30 wise sayings annotated

(the stuff in parenthesis are my comments which may not be as wise as the sayings themselves! They are there to promote thoughtful reflection on the wise saying. Comments are always welcome)

Proverbs 22:20-24:22 (Contemporary English Version)

20I have written thirty sayings

filled with sound advice.

21You can trust them completely

to give you the right words

for those in charge of you.


22 Don’t take advantage   of the poor

or cheat them in court.

23The LORD is their defender,

and what you do to them,

he will do to you.

(Walmart, homeless, Katrina)


24 Don’t make friends with anyone   who has a bad temper.

25You might turn out like them

and get caught in a trap.

(root of bitterness)


26 Don’t guarantee to pay   someone else’s debt.

27If you don’t have the money,

you might lose your bed.



28 Don’t move a boundary marker [a] set up by your ancestors.

(respect for old standards and measurements, Jubilee principle)


29 If you do your job well,   you will work for a ruler

and never be a slave.

(work hard! work smart!)



1 When you are invited   to eat with a king,

use your best manners.

2Don’t go and stuff yourself!

That would be just the same

as cutting your throat.

3Don’t be greedy for all

of that fancy food!

It may not be so tasty.

(good manners, others first, avoid gluttony)


4 Give up trying so hard   to get rich.

5Your money flies away

before you know it,

just like an eagle

suddenly taking off.

(You cannot serve both God and money)


6 Don’t accept an invitation   to eat a selfish person’s food,

no matter how good it is.

7People like that take note

of how much you eat. [b] They say, “Take all you want!”

But they don’t mean it.

8Each bite will come back up,

and all your kind words

will be wasted.

(no such thing as a free lunch)


9 Don’t talk to fools–   they will just make fun.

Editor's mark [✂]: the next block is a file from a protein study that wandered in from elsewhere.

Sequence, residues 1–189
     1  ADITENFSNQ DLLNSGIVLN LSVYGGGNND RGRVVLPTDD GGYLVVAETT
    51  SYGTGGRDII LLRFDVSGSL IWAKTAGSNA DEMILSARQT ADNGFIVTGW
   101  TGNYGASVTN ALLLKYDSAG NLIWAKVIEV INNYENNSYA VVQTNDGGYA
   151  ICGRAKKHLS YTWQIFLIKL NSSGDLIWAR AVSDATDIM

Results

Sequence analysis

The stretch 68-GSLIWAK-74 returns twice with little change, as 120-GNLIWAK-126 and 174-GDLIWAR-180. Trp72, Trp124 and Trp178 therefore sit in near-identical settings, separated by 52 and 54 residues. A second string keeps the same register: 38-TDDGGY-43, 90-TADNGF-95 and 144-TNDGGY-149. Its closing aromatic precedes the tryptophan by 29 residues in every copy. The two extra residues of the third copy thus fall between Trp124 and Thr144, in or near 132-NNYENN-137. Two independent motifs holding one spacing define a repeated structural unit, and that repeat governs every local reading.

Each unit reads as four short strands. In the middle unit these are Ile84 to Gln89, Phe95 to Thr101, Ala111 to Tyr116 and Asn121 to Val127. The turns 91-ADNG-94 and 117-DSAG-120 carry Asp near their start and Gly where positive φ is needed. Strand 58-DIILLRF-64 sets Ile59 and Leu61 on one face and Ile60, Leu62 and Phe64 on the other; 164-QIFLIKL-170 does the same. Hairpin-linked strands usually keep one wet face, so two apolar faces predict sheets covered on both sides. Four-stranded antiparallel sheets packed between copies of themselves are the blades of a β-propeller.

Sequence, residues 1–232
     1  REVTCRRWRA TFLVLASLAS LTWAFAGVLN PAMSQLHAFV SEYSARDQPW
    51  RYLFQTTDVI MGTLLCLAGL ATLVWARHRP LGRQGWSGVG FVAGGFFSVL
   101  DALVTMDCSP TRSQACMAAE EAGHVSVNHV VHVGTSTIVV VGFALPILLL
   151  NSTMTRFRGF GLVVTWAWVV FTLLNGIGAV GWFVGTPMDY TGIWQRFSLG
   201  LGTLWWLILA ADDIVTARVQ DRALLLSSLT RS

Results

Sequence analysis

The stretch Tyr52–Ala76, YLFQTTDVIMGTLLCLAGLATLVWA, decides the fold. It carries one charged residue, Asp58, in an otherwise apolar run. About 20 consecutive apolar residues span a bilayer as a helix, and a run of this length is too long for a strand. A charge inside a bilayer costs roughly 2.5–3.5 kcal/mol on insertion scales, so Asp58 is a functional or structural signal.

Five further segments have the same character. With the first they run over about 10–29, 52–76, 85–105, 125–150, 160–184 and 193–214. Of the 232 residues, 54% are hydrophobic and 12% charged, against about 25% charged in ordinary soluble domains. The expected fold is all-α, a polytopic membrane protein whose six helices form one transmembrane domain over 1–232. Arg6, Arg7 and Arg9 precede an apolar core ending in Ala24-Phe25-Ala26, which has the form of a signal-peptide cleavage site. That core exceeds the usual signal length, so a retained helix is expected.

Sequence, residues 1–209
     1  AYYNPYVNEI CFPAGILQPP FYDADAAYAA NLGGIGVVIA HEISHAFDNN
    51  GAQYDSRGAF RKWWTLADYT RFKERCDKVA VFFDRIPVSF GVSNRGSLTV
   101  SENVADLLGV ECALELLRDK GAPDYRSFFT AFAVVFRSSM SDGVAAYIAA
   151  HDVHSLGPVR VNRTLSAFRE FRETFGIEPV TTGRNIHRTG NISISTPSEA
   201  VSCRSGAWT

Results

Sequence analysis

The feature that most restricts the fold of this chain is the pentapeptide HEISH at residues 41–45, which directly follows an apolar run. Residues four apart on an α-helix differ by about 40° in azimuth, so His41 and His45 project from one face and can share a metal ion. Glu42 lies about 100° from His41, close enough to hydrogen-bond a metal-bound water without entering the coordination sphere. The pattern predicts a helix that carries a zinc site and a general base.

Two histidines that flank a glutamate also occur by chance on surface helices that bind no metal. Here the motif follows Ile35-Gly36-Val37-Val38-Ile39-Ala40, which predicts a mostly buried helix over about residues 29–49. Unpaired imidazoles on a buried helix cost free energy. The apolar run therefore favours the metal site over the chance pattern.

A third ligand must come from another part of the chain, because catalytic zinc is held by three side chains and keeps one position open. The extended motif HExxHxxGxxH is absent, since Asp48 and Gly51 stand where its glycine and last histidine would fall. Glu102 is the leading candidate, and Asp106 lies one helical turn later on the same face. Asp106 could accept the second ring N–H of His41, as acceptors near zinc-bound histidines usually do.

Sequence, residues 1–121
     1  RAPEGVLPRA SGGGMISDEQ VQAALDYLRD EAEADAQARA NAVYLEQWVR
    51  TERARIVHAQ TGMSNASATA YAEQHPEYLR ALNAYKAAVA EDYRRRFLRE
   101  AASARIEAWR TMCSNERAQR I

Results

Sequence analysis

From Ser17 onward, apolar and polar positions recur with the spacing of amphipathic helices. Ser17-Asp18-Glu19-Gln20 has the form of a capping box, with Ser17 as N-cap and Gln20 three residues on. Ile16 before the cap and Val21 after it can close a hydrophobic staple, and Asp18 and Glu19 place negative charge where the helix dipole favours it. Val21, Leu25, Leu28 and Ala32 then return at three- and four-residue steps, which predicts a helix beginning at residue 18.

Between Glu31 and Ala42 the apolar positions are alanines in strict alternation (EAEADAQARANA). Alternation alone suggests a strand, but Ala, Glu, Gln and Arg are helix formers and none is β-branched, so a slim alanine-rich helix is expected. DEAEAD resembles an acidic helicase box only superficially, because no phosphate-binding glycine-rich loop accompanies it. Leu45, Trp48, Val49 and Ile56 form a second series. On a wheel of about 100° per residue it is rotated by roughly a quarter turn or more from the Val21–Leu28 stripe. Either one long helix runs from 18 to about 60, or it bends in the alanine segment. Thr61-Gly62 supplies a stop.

(foolish chatter)


10 Don’t move a boundary marker [c] or take the land   that belongs to orphans.

11God All-Powerful is there

to defend them against you.

(Jubilee principle again – God sides with the have-nots. The WSJ sides with the haves)


12 Listen to instruction   and do your best to learn.

(you never stop a learner – pay attention!)


13 Don’t fail to correct   your children.

You won’t kill them

by being firm,

14and it may even

save their lives.

(children are not hurt by firmness – and may be helped by it)


15 My children,   if you show good sense,

I will be happy,

16and if you are truthful,

I will really be glad.

(good sense is good – truthfulness is even better!)


17 Don’t be jealous of sinners,   but always honor the LORD.

18Then you will truly have hope

for the future.

(good life does not equal being a rich and famous sinner)


19 Listen to me, my children!   Be wise and have enough sense

to follow the right path.

20Don’t be a heavy drinker

or stuff yourself with food.

21It will make you feel drowsy,

and you will end up poor

with only rags to wear.

(don’t drink too much or eat too much!)


22 Pay attention to your father,   and don’t neglect your mother

when she grows old.

23Invest in truth and wisdom,

discipline and good sense,

and don’t part with them.

24Make your father truly happy

by living right

and showing

sound judgment.

25Make your parents proud,

especially your mother.

(mom’s are awesome!)


26 My son, pay close attention,   and gladly follow

my example.

27Bad women and unfaithful wives

are like a deep pit–

28they are waiting to attack you

like a gang of robbers

with victim after victim.

(avoid sexual temptations as well as falling into deep pits)


29 Who is always in trouble?   Who argues and fights?

Who has cuts and bruises?

Whose eyes are red?

30Everyone who stays up late,

having just one more drink.

31Don’t even look

at that colorful stuff

bubbling up in the glass!

It goes down so easily,

32but later it bites

like a poisonous snake.

33You will see weird things,

and your mind

will play tricks on you.

34You will feel tossed about

like someone trying to sleep